To see who is eligible to contribute to a Roth IRA, check out the table below. (These Roth IRA income limits are based on modified adjusted gross income, which is your adjusted gross income with some deductions added back in.)

Filing status

Roth IRA income limits

Roth IRA contribution limits 2024

Single, head of household, or married, filing separately (if you didn't live with spouse during year)

Less than $146,000.

$7,000 ($8,000 if 50 or older).

More than $146,000, but less than $161,000.

Contribution is reduced.

$161,000 or more.

No contribution allowed.

Married filing jointly or qualifying widow(er)

Less than $230,000.

$7,000 ($8,000 if 50 or older).

More than $230,000, but less than $240,000.

Contribution is reduced.

$240,000 or more.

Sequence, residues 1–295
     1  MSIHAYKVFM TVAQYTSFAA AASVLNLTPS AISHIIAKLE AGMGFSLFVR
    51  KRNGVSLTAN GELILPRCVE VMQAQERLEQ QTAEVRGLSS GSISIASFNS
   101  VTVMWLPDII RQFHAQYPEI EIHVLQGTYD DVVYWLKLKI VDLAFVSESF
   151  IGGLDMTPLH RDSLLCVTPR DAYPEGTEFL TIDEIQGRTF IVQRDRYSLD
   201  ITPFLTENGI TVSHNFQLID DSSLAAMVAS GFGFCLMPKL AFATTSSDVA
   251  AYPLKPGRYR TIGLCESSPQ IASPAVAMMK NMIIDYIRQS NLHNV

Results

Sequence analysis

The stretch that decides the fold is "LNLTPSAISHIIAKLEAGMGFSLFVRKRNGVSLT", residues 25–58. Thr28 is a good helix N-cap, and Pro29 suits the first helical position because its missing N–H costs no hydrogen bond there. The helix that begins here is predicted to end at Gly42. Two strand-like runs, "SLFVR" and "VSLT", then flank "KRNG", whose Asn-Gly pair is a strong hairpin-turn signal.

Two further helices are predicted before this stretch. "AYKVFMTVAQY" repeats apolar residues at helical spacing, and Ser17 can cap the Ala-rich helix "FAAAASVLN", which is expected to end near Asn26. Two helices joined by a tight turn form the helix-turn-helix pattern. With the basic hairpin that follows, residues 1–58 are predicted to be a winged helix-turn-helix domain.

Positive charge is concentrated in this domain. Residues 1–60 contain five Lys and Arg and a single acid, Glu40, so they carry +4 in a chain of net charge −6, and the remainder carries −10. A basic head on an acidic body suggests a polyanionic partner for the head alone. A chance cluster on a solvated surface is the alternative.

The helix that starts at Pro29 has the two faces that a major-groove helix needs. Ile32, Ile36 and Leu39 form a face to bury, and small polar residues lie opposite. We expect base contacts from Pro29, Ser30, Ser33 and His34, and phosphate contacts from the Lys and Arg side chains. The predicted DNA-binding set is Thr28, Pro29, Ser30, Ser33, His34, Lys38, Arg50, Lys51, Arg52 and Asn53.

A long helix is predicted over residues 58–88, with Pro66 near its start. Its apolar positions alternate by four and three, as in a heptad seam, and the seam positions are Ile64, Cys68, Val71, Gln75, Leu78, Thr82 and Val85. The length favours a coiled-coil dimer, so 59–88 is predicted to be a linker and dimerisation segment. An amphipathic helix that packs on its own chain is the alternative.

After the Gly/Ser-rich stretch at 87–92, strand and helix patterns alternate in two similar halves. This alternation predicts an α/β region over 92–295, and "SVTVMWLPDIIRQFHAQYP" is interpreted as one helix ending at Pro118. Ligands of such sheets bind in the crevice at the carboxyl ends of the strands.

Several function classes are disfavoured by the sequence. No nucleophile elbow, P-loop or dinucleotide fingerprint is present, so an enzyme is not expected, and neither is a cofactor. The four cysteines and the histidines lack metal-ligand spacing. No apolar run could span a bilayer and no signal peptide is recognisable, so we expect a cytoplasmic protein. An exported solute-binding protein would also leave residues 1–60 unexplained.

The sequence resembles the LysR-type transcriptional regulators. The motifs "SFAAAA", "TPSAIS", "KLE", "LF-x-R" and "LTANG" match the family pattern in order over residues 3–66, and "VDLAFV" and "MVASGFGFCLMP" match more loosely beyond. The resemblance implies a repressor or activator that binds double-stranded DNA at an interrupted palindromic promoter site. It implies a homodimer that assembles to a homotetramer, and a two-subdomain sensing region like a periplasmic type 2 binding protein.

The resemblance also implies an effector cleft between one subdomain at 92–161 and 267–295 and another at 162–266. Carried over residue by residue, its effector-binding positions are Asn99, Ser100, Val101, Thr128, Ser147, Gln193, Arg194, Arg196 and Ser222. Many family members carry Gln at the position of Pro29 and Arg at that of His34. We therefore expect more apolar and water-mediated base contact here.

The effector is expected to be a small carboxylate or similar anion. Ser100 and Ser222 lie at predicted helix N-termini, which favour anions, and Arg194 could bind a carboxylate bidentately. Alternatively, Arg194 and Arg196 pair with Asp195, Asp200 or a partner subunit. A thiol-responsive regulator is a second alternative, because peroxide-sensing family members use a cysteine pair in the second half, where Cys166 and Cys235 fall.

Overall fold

No contribution allowed.

Married filing separately (if you lived with spouse at any time during year)

Less than $10,000.

Contribution is reduced.

$10,000 or more.

No contribution allowed.

Can I contribute to a Roth IRA if my income is too high?

If your income is too high, you won't be able to contribute to a Roth IRA directly, but you do have an option to get around the Roth IRA income limit: a backdoor Roth IRA. This involves putting money in a traditional IRA and then converting the account to a Roth IRA.

If you have a 401(k), you could also consider a mega backdoor Roth, though this process may be more involved and incur potential tax bills. Working with a tax professional who’s familiar with your financial situation could be helpful.

» Crunch the numbers with our Roth IRA calculator

Calculate your reduced Roth contribution

Contributing to a Roth (if you’re eligible) can be a great idea, even if your contribution is reduced because of your income.

This is because your money will still be contributed after taxes and you'll get to take distributions from a Roth IRA tax-free in retirement. Assuming you follow the Roth IRA withdrawal rules, you won’t pay taxes on any investment growth.